• Mitch Sassen (Mitch Longley) is a regular member of the surveillance team, and like the actor who plays him, he is paraplegic and uses a wheelchair.
  • Jillian Deline (Cheryl Ladd) is Ed's wife and Delinda's mother. Jillian expresses growing resentment of Ed's time on the job. In the season-four finale, Jillian says she will leave Ed if he decides to purchase the Montecito. In the opening of season five, she is revealed to support Ed's decision for better or worse after learning of her future grandchild. She leaves Ed after they move away under sketchy circumstances.
  • Luis Perez (Guy Ecker) is a Las Vegas police detective who appears in the first two seasons. He is a childhood friend of Danny and Mary, and friend of Ed Deline and his team. He also had served in the Marines, and his unit is later recalled for service in Iraq, where he dies in the first week there. A funeral is held in his honor with Ed and everyone attending, and he is discovered to have a child whose existence was unknown to him.[7]
  • Kathy Berson (Rikki Klieman) is the Montecito's main legal adviser and lawyer, introduced in season two. If any legal issues arise, Kathy is the first person whom everyone asks.
  • Polly (Suzanne Whang) is a Korean manicurist in the Montecito's spa. She is introduced in season three, and later forms a friendship with A.J. Cooper. Polly openly discusses her sexual experiences.
  • Sarasvati Kumar (Lakshmi Manchu) is an accountant for the casino. She appears in the first three seasons, and eventually begins a relationship with Mike, although this ends in the season-three finale after she goes home with Delinda's bachelorette party strippers.
  • Gunther (Harry Groener), appearing in the first three seasons, is the temperamental executive chef at the Montecito's original restaurant. He habitually has issues that require Delinda's attention, and develops a rivalry with Wolfgang Puck when the more famous chef opens a restaurant at the casino. Gunther eventually quits after losing a cook-off to Puck; he sells his restaurant to Charo.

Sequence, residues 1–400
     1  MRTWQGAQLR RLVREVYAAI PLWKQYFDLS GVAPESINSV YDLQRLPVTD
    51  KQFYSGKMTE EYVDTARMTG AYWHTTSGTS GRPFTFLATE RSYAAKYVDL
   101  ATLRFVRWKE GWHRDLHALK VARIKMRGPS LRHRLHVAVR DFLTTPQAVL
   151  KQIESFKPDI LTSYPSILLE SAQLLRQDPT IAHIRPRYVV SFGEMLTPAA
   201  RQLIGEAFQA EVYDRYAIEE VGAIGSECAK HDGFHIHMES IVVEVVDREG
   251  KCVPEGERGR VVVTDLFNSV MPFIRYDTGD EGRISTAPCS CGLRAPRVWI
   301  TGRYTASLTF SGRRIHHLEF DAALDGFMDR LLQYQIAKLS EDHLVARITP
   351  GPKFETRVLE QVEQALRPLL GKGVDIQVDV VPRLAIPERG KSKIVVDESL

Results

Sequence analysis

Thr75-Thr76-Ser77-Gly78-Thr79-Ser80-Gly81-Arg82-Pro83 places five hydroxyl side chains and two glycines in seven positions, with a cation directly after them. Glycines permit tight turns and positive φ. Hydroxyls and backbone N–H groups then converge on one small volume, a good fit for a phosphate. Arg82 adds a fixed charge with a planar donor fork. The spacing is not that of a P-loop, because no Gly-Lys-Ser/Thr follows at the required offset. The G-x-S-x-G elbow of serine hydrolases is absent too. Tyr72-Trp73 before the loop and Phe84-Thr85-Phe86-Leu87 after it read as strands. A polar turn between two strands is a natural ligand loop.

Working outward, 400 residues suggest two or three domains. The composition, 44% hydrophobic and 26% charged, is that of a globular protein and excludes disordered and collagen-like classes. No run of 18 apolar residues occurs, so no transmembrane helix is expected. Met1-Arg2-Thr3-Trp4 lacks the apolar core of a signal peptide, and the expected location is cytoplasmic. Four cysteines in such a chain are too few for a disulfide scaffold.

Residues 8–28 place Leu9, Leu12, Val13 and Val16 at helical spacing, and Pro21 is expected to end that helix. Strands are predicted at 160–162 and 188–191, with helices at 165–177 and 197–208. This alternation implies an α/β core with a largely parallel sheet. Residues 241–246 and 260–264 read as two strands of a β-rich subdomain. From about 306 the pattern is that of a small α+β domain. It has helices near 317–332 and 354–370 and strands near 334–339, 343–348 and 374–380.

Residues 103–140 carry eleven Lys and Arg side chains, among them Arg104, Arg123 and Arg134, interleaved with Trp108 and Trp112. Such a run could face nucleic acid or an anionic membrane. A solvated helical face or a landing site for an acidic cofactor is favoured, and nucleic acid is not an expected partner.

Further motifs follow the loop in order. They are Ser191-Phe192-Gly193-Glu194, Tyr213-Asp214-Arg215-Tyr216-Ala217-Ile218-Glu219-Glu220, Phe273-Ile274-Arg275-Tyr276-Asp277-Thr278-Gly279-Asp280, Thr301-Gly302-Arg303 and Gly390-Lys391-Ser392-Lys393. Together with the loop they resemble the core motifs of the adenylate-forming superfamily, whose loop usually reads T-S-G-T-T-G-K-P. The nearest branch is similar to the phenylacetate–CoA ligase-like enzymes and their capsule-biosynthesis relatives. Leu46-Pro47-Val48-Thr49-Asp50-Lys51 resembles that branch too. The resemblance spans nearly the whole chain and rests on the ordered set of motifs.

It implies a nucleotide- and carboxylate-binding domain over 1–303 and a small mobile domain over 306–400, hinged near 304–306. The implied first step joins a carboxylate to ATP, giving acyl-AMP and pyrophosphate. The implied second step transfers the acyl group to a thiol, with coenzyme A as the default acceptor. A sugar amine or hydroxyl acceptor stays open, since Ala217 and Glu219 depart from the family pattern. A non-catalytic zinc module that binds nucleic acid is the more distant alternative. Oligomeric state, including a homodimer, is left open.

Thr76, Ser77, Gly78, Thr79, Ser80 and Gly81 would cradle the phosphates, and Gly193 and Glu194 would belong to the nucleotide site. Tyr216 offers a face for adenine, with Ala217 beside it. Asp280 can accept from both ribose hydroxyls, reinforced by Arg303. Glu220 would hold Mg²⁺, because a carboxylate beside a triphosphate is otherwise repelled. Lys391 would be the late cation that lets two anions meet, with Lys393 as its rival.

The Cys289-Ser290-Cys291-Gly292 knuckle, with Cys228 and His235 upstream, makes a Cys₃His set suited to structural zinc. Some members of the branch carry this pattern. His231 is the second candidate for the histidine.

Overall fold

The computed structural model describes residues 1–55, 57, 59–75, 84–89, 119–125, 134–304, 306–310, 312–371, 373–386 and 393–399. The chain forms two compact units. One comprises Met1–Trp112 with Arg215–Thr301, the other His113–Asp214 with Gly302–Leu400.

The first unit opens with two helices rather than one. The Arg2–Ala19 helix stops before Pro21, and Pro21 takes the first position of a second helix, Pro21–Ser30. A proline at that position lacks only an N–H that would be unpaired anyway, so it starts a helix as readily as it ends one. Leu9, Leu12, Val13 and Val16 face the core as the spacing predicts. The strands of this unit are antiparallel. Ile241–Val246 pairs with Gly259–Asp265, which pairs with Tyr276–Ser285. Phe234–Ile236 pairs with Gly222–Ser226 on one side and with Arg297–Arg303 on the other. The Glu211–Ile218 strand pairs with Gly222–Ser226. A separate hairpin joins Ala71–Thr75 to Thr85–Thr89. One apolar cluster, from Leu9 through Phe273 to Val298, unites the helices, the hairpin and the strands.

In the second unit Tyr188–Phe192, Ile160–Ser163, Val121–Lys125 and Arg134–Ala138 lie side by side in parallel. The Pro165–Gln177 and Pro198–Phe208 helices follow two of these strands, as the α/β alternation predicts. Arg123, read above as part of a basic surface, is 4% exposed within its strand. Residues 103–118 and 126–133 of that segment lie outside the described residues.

• Erika (Anna Pheil), appearing in seasons three through five, is a hard-as-nails barmaid Danny hires on a lark when he sees her dealing with customers while tending bar at a strip club.
  • Shannon (Malaya Drew) is a member of the Montecito's security. She plays a small role in six episodes, spanning the third and fourth season. She briefly shows interest in Mike.

Notable guest stars[edit]

Various guest stars have appeared on the show, sometimes portraying themselves.[8][9][10] Notable guest stars have included Alec Baldwin,[11] Little Richard,[12] Mark McGrath,[13] Sylvester Stallone,[14] Las Vegas mayor Oscar Goodman,[15][16] Norm Clarke,[17] Jewel,[18] Wayne Newton and Gladys Knight.[10] Larry Manetti and Roger E. Mosley made a guest appearance in season 5 as characters named Larry and Roger, who are friends of A.J. Cooper. Selleck, Manetti, and Mosley had previously starred on Magnum, P.I., and their appearance together in Las Vegas marked their first reunion since the ending of Magnum, P.I. in 1988.[19][20]



Gary Scott Thompson

Las Vegas was created by Gary Scott Thompson, who also served as an executive producer.[21] The idea for the series dates back to Las Vegas vacations that Thompson would take in the late 1980s. On one trip, Thompson developed a vision of a dead body lying in the desert, and then "we pan up and there's the Strip 50 yards away. That was what ended up in the pilot, that opening shot, but I couldn't ever figure out what that went to. So I had that thing in my head for 15 years." At various points, Thompson tried developing this idea into a novel or play.[22]